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Re: Why don't we get rid of \chordmode?

From: David Kastrup
Subject: Re: Why don't we get rid of \chordmode?
Date: Wed, 28 Apr 2010 19:01:34 +0200
User-agent: Gnus/5.13 (Gnus v5.13) Emacs/24.0.50 (gnu/linux)

Reinhold Kainhofer <address@hidden> writes:

> Am Mittwoch, 28. April 2010 18:02:56 schrieb David Kastrup:
>> Anyway, here is how I would do this: Chords are much more common than
>> tremolos, so changing notation for the latter seems like the better
>> choice.  
> Oh, really??? 


> In all the classical orchestra scores that I have looked at (and I
> have looked at a lot), I have not seen a single chord, but there are
> several tremolo shorthand notations (to save space, i.e. instead of
> g8[ g g g] g[ g g g] , they write g2:8 g:8) in about every
> violin/viola/cello score.

Well, in my violin solo sonatas and partitas by Bach, there is not a
single tremolo shorthand, but quite a lot of chords.  Granted, the
particular stacking/inversion is rarely suitable for chord notation

> It really depends on the type of music you are using. In pop music,
> chords are more common, but in classical music, tremolo notation is
> just as essential!

That question is sort of academical.  The important thing is that yes,
colon notation is already being used in Lilypond music, and so
integrating chord colon notation into music as is requires a
downward-incompatible syntax change and conversion rules.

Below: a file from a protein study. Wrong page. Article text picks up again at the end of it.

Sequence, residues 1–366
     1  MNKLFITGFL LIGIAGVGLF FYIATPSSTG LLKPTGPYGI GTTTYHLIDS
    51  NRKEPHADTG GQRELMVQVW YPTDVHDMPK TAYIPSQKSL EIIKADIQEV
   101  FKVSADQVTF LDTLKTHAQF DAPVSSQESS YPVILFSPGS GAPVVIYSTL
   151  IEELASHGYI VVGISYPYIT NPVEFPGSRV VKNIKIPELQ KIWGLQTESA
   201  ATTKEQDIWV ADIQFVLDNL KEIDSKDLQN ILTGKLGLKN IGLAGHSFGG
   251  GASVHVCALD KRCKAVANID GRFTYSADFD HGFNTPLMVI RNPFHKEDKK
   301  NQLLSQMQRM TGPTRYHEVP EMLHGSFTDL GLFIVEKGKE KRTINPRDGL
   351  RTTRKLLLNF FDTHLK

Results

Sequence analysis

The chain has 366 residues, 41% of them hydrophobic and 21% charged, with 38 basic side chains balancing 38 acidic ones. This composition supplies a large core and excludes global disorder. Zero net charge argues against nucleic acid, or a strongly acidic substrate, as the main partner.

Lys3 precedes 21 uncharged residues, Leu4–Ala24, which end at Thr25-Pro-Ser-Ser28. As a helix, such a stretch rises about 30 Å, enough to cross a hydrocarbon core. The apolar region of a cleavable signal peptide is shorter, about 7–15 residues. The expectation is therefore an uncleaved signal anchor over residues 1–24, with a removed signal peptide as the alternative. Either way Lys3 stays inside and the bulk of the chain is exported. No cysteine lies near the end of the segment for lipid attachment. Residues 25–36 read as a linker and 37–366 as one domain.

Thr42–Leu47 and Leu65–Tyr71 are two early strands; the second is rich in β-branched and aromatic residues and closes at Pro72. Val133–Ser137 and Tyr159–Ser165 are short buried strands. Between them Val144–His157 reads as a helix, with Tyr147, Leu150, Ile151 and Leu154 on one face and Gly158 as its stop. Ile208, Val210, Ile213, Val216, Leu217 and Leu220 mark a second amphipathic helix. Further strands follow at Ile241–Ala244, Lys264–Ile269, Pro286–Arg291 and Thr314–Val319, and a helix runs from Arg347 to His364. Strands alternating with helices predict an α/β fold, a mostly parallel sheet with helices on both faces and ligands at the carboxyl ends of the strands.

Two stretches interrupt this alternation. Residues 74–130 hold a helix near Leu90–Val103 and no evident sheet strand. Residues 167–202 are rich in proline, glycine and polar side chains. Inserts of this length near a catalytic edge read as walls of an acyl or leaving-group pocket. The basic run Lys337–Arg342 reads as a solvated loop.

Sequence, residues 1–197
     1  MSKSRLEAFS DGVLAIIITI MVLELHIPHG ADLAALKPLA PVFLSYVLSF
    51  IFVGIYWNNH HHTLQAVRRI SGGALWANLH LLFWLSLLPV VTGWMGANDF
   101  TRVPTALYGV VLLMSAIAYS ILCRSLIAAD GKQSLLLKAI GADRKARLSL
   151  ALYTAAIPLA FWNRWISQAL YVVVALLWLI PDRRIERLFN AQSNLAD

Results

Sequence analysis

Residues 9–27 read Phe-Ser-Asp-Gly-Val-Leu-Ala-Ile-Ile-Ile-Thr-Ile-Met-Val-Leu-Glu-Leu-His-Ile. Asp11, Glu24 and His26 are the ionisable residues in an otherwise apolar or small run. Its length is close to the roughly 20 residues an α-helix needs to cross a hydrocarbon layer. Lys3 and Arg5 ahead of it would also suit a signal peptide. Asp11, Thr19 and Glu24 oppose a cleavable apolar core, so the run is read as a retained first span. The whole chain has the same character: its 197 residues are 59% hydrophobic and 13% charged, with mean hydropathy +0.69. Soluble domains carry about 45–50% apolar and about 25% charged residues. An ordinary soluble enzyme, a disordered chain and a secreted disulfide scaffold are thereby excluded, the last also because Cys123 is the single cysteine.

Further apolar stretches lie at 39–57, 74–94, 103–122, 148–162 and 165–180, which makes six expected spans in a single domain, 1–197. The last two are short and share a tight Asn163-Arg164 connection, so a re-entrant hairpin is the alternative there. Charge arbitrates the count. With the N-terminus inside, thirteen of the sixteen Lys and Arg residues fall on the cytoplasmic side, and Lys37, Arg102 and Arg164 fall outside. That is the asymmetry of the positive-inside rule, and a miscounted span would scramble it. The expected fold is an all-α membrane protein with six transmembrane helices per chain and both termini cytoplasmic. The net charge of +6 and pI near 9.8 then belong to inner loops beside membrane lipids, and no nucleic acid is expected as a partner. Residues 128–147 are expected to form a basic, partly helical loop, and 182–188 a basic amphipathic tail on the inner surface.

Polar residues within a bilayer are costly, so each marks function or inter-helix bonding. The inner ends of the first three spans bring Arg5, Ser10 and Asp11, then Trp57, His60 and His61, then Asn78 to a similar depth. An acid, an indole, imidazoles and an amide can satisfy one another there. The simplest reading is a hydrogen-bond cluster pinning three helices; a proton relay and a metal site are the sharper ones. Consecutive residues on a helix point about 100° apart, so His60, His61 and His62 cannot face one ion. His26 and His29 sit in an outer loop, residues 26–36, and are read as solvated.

The ultimate goal of my proposal is to obliterate \chordmode
completely.  As an intermediate step, it would still be present in its
current form as an alternative.

So there are basically two ways forward for getting non-ambiguous
tremolo and chord syntax:

a) change the syntax of tremolos.  I already proposed c4/8 which looks
   nice enough in my opinion.  It still requires an incompatible syntax

b) change the syntax of chords when used used in-score.  How?  One could
   write them uppercase, but I think that is a bad idea since C is the
   German name for c, actually.  And accordion notation uses lowercase
   letters for chords, uppercase for bass notes.  Having to input this
   just the other way round is not going to be particularly legible.

   There are not that many characters left.  Writing c/m for c minor
   would be conceivable, but the chord inversion c/m/g or even c//g does
   not get more readable.

I really can't think of a good syntax for b), so my personal favorite
remains solution a).  Which is an actual improvement over c4:8 I should
rather think, but then I might be biased.

But I am aware that having a downward compatible proposal would greatly
improve the chances of this becoming reality in a mostly painless
manner, so I am open to suggestions.

David Kastrup

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